The definition of observability data is to collect *all* the unstructured data that’s created within applications (whether server-side or client-side) and the surrounding infrastructure. While the structure of this data varies by discipline, it is always transformed into four forms – metrics, logs, traces, and, more recently, events. 

Current vendors generally think of these four types separately, with one used for logs, another for traces, a third for metrics, and yet another for analytics. However, when you combine these four types, you create the underpinnings of a common data store. The use cases of these common data types become immense because analytics, monitoring, and security all use the same underlying data types and thus should leverage the same store. The question is then less about how to collect and store the data (which is often the source of vendor lock-in), and more about how to use the combined data to create analysis that best informs and protects the business.

The convergence between developers and DevOps teams – and in this case eventually product as well – is that the same data is needed for all their use cases. With the same data, teams can increasingly speak the same language. Workflows that were painful before now become possible. (There’s no more finger-pointing between DevOps and developers.) The work efforts become more aligned around what drives the business and less about what each separate vendor tells you is most important. The roles then become blurred instead of having previously clean dividing lines. 

Focus of work efforts on business KPIs

Teams are increasingly driven by business goals and the top line. For DevOps, the focus is shifting from the current low bar of uptime and SLAs to those KPIs that correlate to revenue, churn, and user experience. And with business alignment, developers and DevOps are being asked to report differently and to justify their work efforts and prioritization. 

For example, one large Fortune 500 retailer has monthly meetings across their engineering groups (no product managers included). They review the KPIs on which business leaders are focused, especially top-line revenue loss. The developers (not DevOps) select specific metrics and errors as leading indicators of revenue loss and break them down by type (e.g., crashes, error logs, ANRs), user impact (e.g., abandonment rate), and area of the app affected (e.g., startup, purchase flow).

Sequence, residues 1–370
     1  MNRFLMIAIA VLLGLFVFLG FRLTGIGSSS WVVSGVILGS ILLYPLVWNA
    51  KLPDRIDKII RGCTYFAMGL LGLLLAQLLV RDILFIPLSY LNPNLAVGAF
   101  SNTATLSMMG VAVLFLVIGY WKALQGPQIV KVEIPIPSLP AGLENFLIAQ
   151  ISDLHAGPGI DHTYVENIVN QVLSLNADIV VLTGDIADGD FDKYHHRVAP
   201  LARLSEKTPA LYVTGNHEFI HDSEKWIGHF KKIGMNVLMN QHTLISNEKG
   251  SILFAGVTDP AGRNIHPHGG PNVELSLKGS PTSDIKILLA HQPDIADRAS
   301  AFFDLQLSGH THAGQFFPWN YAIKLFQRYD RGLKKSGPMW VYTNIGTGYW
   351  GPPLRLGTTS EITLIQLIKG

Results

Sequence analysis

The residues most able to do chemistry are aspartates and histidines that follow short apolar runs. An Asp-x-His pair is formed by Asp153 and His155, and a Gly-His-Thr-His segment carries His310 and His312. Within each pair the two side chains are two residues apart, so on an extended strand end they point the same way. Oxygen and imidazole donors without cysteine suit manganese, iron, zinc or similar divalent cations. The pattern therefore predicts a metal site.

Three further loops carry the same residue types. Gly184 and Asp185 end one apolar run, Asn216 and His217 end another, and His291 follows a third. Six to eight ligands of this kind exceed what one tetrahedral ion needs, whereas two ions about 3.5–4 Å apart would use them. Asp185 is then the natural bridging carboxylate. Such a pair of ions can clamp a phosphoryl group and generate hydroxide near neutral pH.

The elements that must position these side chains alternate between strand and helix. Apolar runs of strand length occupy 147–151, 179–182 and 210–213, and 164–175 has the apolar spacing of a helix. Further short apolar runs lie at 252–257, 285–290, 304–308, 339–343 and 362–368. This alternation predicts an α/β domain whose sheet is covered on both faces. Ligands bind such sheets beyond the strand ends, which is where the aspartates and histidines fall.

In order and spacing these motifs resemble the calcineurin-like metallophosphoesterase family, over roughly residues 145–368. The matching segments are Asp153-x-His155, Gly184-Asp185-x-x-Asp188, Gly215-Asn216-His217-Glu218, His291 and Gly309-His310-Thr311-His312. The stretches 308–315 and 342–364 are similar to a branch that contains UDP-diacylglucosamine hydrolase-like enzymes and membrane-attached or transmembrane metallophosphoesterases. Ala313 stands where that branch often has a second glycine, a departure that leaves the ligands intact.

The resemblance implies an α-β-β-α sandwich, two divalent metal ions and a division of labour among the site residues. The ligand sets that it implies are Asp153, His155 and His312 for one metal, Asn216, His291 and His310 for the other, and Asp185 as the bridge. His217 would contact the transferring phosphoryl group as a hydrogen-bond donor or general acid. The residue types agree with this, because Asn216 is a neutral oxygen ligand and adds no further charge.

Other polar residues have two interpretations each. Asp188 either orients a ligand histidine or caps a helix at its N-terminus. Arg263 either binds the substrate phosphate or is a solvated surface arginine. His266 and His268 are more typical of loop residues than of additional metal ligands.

Notice there’s no mention of DevOps metrics. The group does not review the historically used metrics around uptime and SLAs because those are assumed… and are not actionable to prioritize work and better grow the business.

The goal is to prioritize developer and DevOps efforts to push business goals. This means engineering teams must now justify work, which requires total team investment into this new approach. In many ways, this is easier than the previous methodology of separately driving technical KPIs. 

DevOps must flex and align

DevOps is not disappearing altogether, but it must evolve alongside the changing technology and business landscapes of today’s business KPI-driven world. Those in DevOps adapted to the rapid adoption of the cloud, and must adapt again to the fact that technological advancements and consolidation of data sources will impact them. 

As cloud infrastructures become more modular and easier to maintain, vendors will further force a shift in the roles and responsibilities of DevOps. And as observability, analytics, and security data consolidates, a set of vendors will emerge – looking at Databricks, Confluent, and Snowflake – to manage this complexity. Thus, the data will become more accessible and easier to leverage, allowing developers and business leaders to connect the data to the true value – aligning work efforts to business impact. 

DevOps must follow suit, aligning their efforts to goals that have the greatest impact on the business.